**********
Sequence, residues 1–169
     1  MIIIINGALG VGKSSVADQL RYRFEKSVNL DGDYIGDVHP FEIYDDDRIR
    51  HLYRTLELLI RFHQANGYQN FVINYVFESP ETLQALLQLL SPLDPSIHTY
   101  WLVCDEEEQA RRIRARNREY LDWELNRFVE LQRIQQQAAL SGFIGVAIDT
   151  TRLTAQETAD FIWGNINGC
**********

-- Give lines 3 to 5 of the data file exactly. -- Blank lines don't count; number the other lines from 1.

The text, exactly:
    51  HLYRTLELLI RFHQANGYQN FVINYVFESP ETLQALLQLL SPLDPSIHTY
   101  WLVCDEEEQA RRIRARNREY LDWELNRFVE LQRIQQQAAL SGFIGVAIDT
   151  TRLTAQETAD FIWGNINGC